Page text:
Traditional Spanish Games for the Home
When I think of the effect that bilingualism has on the individual, the family, and society as a whole, one simple word immediately comes to mind: “Good” – or, if you know more than one language perhaps “Bueno” (Spanish), “Bon” (French), or “Hǎo” (Mandarin) come to mind as well. Here are six advantages that Cultural Bytes suggests of having bilingual.
Good for the Individual
- Cognitive Development
A 2004 study by psychologists Ellen Bialystok and Michelle Martin-Rhee found that bilingual youth were more successful at dividing objects by shape and color versus their monolingual peers who struggled when the second characteristic (sorting by shape) was added.(1) This study, along with many others, suggests that the bilingual brain is able to problem solve, switch children
focuses, and hold information in the mind better than a monolingual brain. This can show up in small tasks, like remembering a cell phone number, and bigger tasks, like switching between subjects at school.
- Protection from Alzehimer’s Disease
According to a study published in the journal Neurology, researchers from the University of Edinburgh in the UK and Nizam’s Institute of Medical Sciences in Hyderabad, India found that people who spoke two languages did not develop dementia until 4.5 years later than those who were monolingual.(2) Though there is no fail-safe prevention for Alzheimer’s, why not do everything in your power to set your child up for a better chance at preventing it?
Good for the Family
- Emotional and Social Development
Being bilingual becomes especially important for the child who is going to be around family members who speak different languages. The child will be able to form deeper bonds with Abuela (Spanish for ‘grandmother’) or Zǔfù (Mandarin for ‘grandfather’) if they can communicate with them in their own native language. Speaking more than one language can also increase a child’s capacity to communicate and express him or herself, boosting confidence and social enjoyment.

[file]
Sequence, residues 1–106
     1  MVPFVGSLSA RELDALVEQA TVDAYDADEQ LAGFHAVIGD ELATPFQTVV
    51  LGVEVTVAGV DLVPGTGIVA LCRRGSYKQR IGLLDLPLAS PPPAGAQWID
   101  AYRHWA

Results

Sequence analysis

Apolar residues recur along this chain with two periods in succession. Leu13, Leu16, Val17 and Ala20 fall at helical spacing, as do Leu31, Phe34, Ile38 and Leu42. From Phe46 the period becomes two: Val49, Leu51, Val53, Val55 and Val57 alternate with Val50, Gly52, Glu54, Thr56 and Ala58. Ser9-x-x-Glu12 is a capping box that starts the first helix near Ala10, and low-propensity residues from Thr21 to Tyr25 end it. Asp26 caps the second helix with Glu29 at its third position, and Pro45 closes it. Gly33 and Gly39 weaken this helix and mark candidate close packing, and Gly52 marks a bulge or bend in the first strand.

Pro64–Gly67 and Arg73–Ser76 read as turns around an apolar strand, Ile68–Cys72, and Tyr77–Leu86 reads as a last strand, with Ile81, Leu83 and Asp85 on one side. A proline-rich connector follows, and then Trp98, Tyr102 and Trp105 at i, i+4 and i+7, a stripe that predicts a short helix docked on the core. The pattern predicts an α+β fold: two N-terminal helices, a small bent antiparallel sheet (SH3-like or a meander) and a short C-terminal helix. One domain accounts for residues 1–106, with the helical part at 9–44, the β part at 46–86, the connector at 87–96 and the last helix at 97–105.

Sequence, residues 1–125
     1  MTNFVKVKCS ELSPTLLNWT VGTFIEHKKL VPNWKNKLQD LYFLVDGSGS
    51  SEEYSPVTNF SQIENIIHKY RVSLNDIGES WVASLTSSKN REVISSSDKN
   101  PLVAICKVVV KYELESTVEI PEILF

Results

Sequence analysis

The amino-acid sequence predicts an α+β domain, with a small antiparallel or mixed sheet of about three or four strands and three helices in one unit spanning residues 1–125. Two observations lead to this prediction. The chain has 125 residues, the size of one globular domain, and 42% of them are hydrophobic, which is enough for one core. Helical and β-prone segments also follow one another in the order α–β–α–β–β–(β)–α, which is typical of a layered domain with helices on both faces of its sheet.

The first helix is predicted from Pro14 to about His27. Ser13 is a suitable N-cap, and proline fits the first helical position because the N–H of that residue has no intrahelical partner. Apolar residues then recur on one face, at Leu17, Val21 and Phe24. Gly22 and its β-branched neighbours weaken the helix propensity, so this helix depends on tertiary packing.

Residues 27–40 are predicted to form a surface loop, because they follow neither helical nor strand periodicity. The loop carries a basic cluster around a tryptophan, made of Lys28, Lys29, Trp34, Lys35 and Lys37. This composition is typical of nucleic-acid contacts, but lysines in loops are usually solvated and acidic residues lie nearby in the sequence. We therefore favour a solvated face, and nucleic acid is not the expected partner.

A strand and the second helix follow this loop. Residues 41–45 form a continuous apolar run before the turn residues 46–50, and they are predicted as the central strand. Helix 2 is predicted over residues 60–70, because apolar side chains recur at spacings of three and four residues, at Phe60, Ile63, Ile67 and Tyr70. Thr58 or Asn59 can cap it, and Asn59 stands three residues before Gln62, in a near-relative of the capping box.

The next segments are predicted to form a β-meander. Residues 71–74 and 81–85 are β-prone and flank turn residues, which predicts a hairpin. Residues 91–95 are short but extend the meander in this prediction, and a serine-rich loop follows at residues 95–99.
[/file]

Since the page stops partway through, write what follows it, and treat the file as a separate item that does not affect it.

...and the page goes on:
- Connect to Their Heritage
A multimedia journalist named Nadya Faulx shared her feelings of ethnic inadequacy in an online article: “Without Arabic, little else about me is Arab. I don’t dress or look like an Arab […] Without Arabic, can I even call myself an Arab? As proud as I am of my Arabic heritage, without a linguistic marker to link me to the community, I’ve never felt entirely comfortable identifying as an Arab.”(3) If you want your son or daughter to connect with their heritage, we can’t think of a better way than by giving them the gift of the native language.
Good for the World
- Appreciation of Different Cultures
There is a saying that, “a frog that spends his life on one lilypad will think his pond is the world.” Learning a second language is an amazing way to broaden your children’s perspectives and help them experience the diversity and beauty of the world that is different than their own ‘pond.’
- Greater opportunities for travel and employment
Being able to speak the language of different countries unlocks the possibility of deeper connections and understanding as they travel. Chiqui Social, a Spanish immersion preschool and social club, puts it this way: “Language education is becoming critical for the workforce of the future and being bilingual can broaden career options. Many jobs in education, healthcare, international business, politics, national security, translation, tourism, and social work require or favor candidates who are bilingual, resulting in more job opportunities for those who can speak a second language.”(4)
These are just a few of the hundreds of advantages that bilingualism brings to your child. Though the process of language learning can be difficult and challenging at times, we think it is worth it and will set your child up for many good things, both now and in the future.
P.S. If you’re looking for the perfect online language program to help your child with their Spanish, Virtual Language Camp or ‘ViLaCa’ is the one for you.